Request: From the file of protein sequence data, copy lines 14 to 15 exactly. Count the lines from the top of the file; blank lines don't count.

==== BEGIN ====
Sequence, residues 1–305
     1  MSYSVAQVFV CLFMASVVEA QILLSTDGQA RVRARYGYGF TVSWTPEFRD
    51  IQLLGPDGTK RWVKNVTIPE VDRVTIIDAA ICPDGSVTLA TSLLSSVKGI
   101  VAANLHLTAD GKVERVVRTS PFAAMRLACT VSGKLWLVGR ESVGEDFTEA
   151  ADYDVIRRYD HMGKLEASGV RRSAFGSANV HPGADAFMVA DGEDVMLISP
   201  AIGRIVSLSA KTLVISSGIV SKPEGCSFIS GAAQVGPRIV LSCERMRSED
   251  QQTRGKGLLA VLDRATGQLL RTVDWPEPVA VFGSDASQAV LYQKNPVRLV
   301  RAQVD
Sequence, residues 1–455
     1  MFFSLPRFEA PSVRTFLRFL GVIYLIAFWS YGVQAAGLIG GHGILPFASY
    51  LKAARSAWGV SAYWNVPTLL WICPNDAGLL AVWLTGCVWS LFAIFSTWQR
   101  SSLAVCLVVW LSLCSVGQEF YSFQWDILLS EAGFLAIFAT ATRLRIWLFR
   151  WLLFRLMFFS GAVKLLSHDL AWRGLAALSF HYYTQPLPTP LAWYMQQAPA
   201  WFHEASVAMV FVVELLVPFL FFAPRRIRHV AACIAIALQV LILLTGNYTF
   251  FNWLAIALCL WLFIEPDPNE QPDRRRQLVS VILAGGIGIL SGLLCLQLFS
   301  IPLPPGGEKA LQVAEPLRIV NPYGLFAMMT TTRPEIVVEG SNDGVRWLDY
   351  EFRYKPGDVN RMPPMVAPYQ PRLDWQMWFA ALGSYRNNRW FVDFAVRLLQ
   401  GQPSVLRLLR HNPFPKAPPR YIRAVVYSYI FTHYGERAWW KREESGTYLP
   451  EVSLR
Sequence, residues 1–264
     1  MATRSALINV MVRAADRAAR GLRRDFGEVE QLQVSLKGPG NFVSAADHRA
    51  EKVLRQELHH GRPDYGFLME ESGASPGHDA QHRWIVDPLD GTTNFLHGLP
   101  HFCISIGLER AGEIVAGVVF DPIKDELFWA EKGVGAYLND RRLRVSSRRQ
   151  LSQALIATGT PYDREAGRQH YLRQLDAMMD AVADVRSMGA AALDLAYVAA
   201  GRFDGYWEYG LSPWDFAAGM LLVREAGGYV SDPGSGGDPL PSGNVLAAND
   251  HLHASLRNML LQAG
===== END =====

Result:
   201  WFHEASVAMV FVVELLVPFL FFAPRRIRHV AACIAIALQV LILLTGNYTF
   251  FNWLAIALCL WLFIEPDPNE QPDRRRQLVS VILAGGIGIL SGLLCLQLFS